redkitchenette

 
 
It's been a year since I felt like I had something to say through this forum, and I am excited to be back. I hope you all are happy to have me...

We're out and about, playing in the park or walking through the store, and D takes a tumble. She's there, splayed out on her belly on the ground, and she gives a shout. Not a scream or a cry, but a shout. I, well, I do nothing. I wait. Then, the looks come. They come mostly from little old ladies and other moms with a baby or a toddler - occasionally they come from moms with older kids, or dads even, but not most of the time.

D gets up, brushes herself off, and looks back at me. "I'm ok mama."
"Good deal Bear, I'm glad you're ok."

Baby D was intense. She needed a lot... of everything, except for toys. She needed to be held, as much as possible. She needed to nurse, whenever she wanted. She needed every cry attended to, immediately.  She needed to sleep pressed up against mommy, daddy, or some other loving friend or relative.

Then she got bigger, and she needed less. From about 12 months to 18 months she struggled with the getting bigger and the needing less. It wasn't always an easy transition to go from having your wants and needs be one and the same to having wants that aren't needs. It's a hard lesson, but like the song says, you can't always get what you want...

I tried to make the transition as happy as possible. We celebrated every step toward greater independence and kept our connection as close as possible. Co-sleeping, nursing, baby(toddler)wearing, unlimited hugs and kisses - these remained the tools of my trade. Now, at almost 2 (just over a month to go!), I am amazed at how my intense-baby turned struggles-with-transition toddler has become such an amazing and remarkably separate little person.

I do miss the little squishy bundle of total dependence that wanted nothing more than mama's arms and mama's milk to be happy, but that being said...

There is so much joy in my newly acquired freedom to do nothing!

I often get asked by my precious D to put on a movie or a show. I usually say no. This generally results in a lot of shrieking and flopping about on the floor. It's amazing how quickly not doing anything fixes this problem, or - more accurately - allows it to fix itself. With that lovely toddler attention span of a microsecond, D is quickly off of her tantrum and on to finding something more enjoyable to do. And this "finding something more enjoyable to do" does not involve me. You see, there are still many things she needs me for, but entertaining her is not one of those things. If there is one thing my little girl does not need my help with, that thing is play.

I'm going to say that again, a little louder: If there is one thing my little girl does not need my help with, that thing is play.

Not to say that I don't play with her, I do. There is a lot of hide-n-seek, tickle monster, and carry-dad's-socks-to-the-drawer (what? she thinks it's fun!), but I spend most of her playtime - which is mostly anytime she isn't eating or sleeping - staying our of her way. I dance around and sing songs with her, I let her help with the garden or the cooking, and we read books together. Still, I expect her to spend significant chunks of time playing on her own with her dolls, cars, puzzles, play kitchen, or just rocks and sticks outside.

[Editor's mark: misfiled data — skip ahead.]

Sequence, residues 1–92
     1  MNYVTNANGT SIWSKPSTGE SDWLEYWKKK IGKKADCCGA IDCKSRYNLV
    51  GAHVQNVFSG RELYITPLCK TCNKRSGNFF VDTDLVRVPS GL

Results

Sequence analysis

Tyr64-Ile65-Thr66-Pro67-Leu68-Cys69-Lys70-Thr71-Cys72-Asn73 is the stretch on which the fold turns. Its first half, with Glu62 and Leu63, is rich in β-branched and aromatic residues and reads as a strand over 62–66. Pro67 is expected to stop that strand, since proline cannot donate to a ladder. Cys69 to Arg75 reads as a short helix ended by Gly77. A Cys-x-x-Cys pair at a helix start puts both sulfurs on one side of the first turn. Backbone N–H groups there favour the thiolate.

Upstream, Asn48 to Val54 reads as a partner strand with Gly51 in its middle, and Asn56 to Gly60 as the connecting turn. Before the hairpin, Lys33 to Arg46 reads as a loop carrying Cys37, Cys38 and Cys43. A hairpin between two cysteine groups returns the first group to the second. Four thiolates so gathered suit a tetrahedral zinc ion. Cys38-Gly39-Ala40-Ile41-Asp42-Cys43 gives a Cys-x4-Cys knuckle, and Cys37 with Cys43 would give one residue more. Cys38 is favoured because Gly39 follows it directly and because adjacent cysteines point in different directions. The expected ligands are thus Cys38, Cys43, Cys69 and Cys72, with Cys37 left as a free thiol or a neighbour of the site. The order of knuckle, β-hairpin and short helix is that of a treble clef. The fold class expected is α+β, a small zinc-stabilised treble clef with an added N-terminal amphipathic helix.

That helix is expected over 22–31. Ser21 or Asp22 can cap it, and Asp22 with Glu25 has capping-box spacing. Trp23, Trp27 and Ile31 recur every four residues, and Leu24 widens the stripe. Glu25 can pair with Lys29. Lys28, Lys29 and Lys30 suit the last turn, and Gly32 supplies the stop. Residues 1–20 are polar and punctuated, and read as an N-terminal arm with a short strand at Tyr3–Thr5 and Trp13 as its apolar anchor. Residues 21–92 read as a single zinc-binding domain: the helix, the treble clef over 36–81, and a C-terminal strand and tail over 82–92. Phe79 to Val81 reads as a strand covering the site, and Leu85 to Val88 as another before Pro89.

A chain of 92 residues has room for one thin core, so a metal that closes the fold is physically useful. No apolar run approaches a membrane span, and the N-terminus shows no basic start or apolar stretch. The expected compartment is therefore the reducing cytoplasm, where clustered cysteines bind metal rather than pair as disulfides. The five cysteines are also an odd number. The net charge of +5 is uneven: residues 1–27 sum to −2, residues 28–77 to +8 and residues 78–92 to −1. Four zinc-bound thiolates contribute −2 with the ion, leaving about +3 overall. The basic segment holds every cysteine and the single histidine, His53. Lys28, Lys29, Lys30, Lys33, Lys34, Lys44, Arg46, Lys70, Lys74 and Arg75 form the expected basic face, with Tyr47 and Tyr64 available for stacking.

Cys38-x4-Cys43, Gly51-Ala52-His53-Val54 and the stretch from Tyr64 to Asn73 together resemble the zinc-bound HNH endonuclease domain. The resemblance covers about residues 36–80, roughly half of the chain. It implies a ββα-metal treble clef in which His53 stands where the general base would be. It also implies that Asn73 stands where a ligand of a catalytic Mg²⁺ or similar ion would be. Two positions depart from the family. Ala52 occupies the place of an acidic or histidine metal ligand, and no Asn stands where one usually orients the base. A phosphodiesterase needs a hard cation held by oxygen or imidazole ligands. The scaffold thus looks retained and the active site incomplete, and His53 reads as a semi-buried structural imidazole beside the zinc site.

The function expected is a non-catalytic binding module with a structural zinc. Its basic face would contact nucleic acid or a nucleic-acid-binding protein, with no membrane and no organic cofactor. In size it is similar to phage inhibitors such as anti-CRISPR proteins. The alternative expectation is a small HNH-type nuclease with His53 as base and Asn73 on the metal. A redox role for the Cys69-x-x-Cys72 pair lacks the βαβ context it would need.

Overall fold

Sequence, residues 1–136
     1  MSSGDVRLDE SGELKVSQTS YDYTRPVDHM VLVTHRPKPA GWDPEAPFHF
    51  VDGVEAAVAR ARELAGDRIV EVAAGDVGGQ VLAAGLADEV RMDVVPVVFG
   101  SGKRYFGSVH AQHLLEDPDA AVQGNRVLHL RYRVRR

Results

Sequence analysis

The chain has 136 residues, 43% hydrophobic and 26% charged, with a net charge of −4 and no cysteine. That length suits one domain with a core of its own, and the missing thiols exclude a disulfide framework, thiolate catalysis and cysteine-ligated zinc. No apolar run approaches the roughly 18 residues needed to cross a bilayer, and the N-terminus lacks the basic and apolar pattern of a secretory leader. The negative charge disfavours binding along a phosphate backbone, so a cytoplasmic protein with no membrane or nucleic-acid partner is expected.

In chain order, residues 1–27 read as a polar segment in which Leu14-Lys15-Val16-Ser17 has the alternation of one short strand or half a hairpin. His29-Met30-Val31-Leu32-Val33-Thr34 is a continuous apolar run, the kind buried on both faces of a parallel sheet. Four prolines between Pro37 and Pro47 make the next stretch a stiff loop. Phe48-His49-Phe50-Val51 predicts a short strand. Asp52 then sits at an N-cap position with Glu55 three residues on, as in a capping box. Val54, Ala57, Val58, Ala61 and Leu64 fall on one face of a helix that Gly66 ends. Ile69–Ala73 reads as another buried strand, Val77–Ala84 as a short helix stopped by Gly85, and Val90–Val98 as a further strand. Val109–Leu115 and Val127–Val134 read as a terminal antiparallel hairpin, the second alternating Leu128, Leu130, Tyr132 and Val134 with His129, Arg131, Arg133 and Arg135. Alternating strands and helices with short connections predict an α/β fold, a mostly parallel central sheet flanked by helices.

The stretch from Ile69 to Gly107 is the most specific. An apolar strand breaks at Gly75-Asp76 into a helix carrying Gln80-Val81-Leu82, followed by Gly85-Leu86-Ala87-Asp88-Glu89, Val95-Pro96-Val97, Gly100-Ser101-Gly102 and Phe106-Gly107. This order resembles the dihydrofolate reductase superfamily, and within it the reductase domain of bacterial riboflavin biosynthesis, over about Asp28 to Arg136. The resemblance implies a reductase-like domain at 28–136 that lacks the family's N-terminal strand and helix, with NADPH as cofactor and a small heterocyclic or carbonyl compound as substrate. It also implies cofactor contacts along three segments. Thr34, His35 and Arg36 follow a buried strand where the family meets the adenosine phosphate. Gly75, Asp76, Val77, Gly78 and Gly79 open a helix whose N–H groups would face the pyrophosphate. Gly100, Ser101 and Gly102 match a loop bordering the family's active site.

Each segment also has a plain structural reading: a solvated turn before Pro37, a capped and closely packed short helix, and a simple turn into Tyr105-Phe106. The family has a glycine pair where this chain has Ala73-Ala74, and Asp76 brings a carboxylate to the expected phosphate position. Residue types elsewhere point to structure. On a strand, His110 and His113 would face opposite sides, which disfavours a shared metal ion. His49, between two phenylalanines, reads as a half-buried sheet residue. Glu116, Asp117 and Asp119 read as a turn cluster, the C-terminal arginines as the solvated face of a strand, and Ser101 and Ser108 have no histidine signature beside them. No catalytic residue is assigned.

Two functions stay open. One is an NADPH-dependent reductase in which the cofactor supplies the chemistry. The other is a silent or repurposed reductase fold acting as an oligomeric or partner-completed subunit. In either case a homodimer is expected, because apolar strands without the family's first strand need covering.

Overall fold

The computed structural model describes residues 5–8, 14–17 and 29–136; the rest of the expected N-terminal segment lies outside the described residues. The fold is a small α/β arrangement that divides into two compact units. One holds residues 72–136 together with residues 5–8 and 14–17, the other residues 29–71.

She is extremely good at this.

This leaves me time to do things around the house. I often spend it with a book and a cup of tea instead. I am learning to happily embrace living in the chaos of a small child's home. So long as there are dishes to eat off of, reasonably clean clothes to wear, and sticky floors get a good once over every week, I can let the rest of it be until I feel especially drawn to tidying up. I accept that I must attend to my own sanity first, and that requires time to do nothing. Nothing sometimes means puttering in the kitchen with new recipes or reading a good book. Sometimes it involves yoga or swinging in the hammock. It's not unheard of to involve celebrity gossip or Ally McBeal reruns.

Sometimes doing nothing when it comes to D takes more self-control than doing something. When she decides to start screaming in the grocery store or she wonders aimlessly around the playground without playing with anything, I have a really hard time just letting it be. I am definitely a work in progress, but I am getting there. I find myself constantly amazed at what she can do when I leave her to it. She is, as an example, teaching herself to go to the potty. I let her roam around with just a shirt on, and she has decided she'd rather go in the potty than pee all over herself. It's been remarkably easy.

Some days, the doing nothing doesn't work, like the infamous day of the hour-and-a-half long tantrum caused by too little sleep. There are times when I want to pull my hair out after she throws her plate of food on the floor for the third time. So instead of nothing - because doing nothing feels impossible - I turn the focus on myself. I concentrate on my reactions, my emotional response. I spend my energy calming myself, hoping to teach D how to do the same. I think it's working, but I guess I'll just have to keep doing nothing and see.
 


Comments

12/30/2011 13:21

good post

Reply
01/27/2012 21:29

will be restored before long

Reply
03/21/2012 08:30

good post

Reply
03/24/2012 08:25

Great info, thanks

Reply

THX for info

Reply
09/07/2012 18:21

Nice one info, thx

Reply



Leave a Reply